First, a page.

Judge William Hickle of Phelps County found that Missouri’s practice of putting poor criminal defendants on a waiting list to be appointed a public defender is unconstitutional while also granting a stay to give legislators more time to remedy the situation, reports the Courthouse News Service. Hickle cited continued reductions in the number of defendants currently on the list and the prospect of more funding being provided to the public defender’s office that would eliminate the list entirely as reasons for the stay. The case, which Hickle heard during a two-day bench trial in November, is stayed until June 30th. The American Civil Liberties Union, representing the plaintiffs, objected to the stay.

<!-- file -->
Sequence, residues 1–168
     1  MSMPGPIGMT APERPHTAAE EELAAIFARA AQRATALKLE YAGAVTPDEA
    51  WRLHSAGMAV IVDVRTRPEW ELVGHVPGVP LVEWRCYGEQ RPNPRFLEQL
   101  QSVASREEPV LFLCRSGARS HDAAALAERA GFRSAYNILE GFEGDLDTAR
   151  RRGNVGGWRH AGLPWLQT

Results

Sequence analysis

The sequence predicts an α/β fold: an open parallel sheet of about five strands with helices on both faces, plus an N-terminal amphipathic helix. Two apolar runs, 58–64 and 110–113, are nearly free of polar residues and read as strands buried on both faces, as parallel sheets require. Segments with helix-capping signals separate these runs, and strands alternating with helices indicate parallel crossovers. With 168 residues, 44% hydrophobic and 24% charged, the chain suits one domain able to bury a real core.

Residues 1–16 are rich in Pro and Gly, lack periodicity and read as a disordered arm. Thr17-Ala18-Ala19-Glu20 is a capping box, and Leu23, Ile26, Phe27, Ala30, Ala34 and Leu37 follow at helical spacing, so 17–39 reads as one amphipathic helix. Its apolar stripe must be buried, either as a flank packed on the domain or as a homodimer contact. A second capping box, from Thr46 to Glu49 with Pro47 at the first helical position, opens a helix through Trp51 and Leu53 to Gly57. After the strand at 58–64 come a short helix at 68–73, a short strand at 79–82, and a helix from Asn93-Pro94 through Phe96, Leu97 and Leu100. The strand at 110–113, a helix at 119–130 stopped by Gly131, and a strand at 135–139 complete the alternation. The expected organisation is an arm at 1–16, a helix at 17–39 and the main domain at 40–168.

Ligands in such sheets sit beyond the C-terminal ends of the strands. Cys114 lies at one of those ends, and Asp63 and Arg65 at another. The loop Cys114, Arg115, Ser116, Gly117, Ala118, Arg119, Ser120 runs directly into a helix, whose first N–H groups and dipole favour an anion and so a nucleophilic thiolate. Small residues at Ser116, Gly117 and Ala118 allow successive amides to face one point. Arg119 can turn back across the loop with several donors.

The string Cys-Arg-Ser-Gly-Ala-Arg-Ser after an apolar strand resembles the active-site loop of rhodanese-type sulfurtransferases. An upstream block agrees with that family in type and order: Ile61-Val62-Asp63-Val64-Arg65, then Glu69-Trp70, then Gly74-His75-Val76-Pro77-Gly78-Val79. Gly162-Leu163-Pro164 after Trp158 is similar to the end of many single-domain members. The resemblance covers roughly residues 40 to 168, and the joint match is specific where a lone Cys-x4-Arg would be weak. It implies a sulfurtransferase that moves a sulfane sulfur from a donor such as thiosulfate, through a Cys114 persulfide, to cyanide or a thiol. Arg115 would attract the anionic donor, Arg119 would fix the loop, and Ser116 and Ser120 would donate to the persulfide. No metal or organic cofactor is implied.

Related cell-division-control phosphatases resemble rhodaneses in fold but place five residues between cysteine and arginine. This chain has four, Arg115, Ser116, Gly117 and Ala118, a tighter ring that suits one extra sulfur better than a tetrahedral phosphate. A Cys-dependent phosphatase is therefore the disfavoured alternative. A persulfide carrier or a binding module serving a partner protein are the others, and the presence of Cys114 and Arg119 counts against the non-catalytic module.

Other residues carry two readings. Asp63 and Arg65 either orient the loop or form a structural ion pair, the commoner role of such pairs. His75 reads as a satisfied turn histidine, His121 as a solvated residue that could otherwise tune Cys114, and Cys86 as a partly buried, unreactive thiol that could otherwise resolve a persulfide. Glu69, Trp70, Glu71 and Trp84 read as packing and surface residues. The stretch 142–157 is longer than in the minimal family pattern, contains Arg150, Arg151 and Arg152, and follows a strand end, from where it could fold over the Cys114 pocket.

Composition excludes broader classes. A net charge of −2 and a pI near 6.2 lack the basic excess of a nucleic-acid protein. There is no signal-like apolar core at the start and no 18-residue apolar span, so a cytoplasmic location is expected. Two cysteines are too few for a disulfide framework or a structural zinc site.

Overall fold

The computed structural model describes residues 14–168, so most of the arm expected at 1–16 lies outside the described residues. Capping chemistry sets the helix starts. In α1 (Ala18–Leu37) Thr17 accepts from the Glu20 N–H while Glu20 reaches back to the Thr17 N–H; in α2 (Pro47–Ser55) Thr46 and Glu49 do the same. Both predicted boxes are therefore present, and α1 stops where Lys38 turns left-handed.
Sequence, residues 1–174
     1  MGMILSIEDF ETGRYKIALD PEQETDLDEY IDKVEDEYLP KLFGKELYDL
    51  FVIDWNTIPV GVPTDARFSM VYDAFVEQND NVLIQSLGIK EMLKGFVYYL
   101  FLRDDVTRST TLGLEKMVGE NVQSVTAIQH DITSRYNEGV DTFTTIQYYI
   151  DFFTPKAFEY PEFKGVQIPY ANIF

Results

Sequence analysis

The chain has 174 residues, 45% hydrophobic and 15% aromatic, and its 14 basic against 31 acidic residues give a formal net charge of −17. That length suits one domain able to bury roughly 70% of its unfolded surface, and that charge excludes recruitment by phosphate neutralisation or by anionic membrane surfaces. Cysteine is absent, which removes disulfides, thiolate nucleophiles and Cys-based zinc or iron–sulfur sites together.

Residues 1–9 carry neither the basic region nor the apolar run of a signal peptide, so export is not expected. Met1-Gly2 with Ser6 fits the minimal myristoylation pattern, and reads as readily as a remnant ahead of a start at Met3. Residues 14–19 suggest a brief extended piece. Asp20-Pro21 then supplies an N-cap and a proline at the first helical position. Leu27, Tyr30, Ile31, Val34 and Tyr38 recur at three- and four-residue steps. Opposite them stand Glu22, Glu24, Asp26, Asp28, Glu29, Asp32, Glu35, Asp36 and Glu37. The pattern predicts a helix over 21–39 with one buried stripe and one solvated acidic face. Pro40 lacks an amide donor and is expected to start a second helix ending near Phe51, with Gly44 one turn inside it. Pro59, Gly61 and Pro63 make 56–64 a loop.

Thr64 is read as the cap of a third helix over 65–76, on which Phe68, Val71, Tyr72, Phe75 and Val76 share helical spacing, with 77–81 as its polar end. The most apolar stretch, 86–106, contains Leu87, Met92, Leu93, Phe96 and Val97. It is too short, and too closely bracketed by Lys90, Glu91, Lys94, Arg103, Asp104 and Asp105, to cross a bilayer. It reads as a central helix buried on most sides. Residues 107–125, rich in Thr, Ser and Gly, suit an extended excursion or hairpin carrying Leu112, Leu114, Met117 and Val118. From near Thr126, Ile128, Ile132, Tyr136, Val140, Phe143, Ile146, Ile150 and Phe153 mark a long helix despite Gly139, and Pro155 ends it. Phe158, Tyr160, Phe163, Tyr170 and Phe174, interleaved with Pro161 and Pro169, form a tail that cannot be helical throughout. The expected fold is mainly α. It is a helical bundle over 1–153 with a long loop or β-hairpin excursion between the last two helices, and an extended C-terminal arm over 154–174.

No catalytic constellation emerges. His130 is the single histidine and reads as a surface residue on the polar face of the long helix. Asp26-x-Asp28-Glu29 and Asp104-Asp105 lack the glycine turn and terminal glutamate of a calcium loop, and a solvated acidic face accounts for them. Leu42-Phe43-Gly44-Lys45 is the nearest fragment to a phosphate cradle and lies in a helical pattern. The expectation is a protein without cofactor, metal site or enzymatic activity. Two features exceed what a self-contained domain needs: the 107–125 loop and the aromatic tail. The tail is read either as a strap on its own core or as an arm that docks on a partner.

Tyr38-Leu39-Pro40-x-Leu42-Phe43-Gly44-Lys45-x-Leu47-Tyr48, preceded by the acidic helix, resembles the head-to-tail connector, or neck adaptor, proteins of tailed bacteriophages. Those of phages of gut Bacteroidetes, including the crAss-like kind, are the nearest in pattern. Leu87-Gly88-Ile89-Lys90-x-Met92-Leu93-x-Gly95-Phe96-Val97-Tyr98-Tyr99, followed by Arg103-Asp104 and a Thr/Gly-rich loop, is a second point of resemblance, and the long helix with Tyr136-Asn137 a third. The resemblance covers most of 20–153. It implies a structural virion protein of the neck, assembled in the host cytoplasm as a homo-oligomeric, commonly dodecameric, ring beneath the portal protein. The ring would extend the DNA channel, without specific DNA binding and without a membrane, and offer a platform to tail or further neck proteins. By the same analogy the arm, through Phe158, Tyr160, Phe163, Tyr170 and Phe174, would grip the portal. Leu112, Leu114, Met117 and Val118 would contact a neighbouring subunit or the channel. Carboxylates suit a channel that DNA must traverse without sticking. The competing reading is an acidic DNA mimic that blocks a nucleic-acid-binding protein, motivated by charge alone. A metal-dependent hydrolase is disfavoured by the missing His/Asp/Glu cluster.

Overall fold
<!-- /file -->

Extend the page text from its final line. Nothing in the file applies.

Jason Williamson, deputy director of the ACLU’s criminal law reform project based in New York, told the court that five of the named petitioners have spent 93, 107, 116, 1147 and 160 days, respectively, on the waiting list before being assigned representation. He cited numbers from 2019, when there were 4,690 defendants on the list. Of those, 2,744 had been waiting for at least three months; 2,233 for at least four months; 1,916 for at least five months; 1,546 for at least six months; and 600 for one year. When the trial occurred, there were roughly 2,000 people on the waiting list. Of those, 1,113 had been waiting for at least three months; 922 for at least four months; 734 for at least five months; 665 for at least six months; and 233 for at least one year. Hickle found that the state is required to provide counsel within a reasonable time after judicial proceedings against a defendant formally begin. Though courts have not specifically defined what a reasonable time is, the judge concluded that precedent held that a reasonable time was days or weeks, not months or years.